And what an ant does next may not be much at all. Contrary to another of our beloved myths about ants, told by Aesop, Homer, and the writer of Proverbs 6:6, many ants don’t work very hard. In a large harvester-ant colony, about a third of the ants at any time are hanging around doing nothing. As Mark Twain put it, this “will be a disappointment for the Sunday schools.” Because colony behavior is regulated by a network of interactions, inactivity might have its uses. Idle ants may act as a buffer to dampen the interaction rate when it gets too high. My colleagues and I have found that ants will move around to adjust their interaction rate—either they seek each other out when there are few ants, or they avoid each other when crowded. Sometimes interactions create positive feedback, as when ants go out to forage in response to interactions with foragers bringing food back to the nest. But eventually this could lead ants to search for food when there is none left. The colony may need some inert ants, unlikely to be stimulated by interactions, to buffer the network.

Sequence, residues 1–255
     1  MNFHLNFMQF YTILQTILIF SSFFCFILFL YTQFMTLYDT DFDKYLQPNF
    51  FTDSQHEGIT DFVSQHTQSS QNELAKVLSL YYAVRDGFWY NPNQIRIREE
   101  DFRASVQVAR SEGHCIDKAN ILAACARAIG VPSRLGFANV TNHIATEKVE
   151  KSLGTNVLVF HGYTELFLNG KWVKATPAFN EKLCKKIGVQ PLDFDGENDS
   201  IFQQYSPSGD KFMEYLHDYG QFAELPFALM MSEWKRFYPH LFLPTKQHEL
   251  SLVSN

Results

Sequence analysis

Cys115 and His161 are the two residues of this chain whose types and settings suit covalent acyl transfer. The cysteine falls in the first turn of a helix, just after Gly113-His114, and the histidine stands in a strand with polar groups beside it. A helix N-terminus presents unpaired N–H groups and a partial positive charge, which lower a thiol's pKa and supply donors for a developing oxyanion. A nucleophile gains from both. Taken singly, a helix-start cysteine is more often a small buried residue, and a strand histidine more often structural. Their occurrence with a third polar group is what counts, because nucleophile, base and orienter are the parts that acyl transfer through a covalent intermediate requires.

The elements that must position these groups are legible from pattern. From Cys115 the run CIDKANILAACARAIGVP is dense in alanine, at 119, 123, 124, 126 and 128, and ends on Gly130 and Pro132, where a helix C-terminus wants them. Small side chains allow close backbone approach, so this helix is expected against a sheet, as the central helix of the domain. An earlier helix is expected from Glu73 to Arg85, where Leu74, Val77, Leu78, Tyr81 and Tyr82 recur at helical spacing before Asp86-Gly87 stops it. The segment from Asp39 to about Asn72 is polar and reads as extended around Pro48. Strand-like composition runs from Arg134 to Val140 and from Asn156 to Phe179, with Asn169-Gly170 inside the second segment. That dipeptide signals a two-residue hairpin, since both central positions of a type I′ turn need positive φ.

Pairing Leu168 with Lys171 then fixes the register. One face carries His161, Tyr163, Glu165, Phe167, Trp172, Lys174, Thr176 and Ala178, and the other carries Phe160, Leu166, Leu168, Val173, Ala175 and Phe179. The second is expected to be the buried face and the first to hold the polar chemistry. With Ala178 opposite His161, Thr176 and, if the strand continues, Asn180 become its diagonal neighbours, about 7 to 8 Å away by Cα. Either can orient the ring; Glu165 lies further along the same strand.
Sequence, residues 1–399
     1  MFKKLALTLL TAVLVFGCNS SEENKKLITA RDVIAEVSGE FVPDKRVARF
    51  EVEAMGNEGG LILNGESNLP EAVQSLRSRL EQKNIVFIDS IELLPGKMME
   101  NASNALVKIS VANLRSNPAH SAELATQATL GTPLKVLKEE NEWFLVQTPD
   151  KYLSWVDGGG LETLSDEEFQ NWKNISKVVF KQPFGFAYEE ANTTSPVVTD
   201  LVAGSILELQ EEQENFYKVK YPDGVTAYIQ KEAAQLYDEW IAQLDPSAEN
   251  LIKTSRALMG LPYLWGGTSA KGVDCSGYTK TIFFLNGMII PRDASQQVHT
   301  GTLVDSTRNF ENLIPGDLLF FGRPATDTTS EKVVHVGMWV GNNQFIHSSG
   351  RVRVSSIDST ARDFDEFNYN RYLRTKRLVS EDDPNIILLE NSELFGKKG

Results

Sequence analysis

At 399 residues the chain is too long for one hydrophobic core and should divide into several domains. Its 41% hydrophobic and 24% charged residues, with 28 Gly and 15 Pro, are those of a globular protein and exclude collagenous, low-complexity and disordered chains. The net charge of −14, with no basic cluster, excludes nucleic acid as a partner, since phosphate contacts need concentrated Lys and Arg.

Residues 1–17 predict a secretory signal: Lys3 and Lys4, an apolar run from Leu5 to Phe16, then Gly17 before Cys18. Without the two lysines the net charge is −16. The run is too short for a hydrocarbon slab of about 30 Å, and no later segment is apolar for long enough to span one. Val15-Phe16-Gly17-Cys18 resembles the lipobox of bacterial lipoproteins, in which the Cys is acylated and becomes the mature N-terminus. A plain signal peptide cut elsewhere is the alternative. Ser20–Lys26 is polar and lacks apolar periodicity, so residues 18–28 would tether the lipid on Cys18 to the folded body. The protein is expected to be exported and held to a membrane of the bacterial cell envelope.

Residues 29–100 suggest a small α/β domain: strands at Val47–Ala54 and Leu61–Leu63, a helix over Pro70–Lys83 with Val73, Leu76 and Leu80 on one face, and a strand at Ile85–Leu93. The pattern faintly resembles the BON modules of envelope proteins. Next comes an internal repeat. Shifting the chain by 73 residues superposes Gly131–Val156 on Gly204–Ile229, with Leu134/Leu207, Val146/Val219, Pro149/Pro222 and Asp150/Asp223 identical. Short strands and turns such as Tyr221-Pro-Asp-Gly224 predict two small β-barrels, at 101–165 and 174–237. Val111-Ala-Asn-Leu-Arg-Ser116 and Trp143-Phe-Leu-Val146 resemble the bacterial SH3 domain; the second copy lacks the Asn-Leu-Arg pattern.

In this quote, it's suggested that the use of the ant downtime of ⅓ of the colony is to buffer the signal ratio of the network. Might there be other uses for this downtime, in terms of the health of the network or health of the colony?

Ant colony as a set of network interactions.
A real ant colony is … more like an office that communicates by meaningless text messaging in which each worker’s task is determined by how many messages she just received. The colony has no central purpose. Each ant responds to the rate of her brief encounters with other ants and has no sense of the condition or the goals of the whole colony.

For ants, only the structure of the network matters. For us, the content is crucial. We care about what the emails say; the ants care only about how often they get them. As we move through the networks that shape our lives, we constantly produce a narrative about what is happening and why. We may be wrong about what we think is going on, but it is vitally important that we think we know.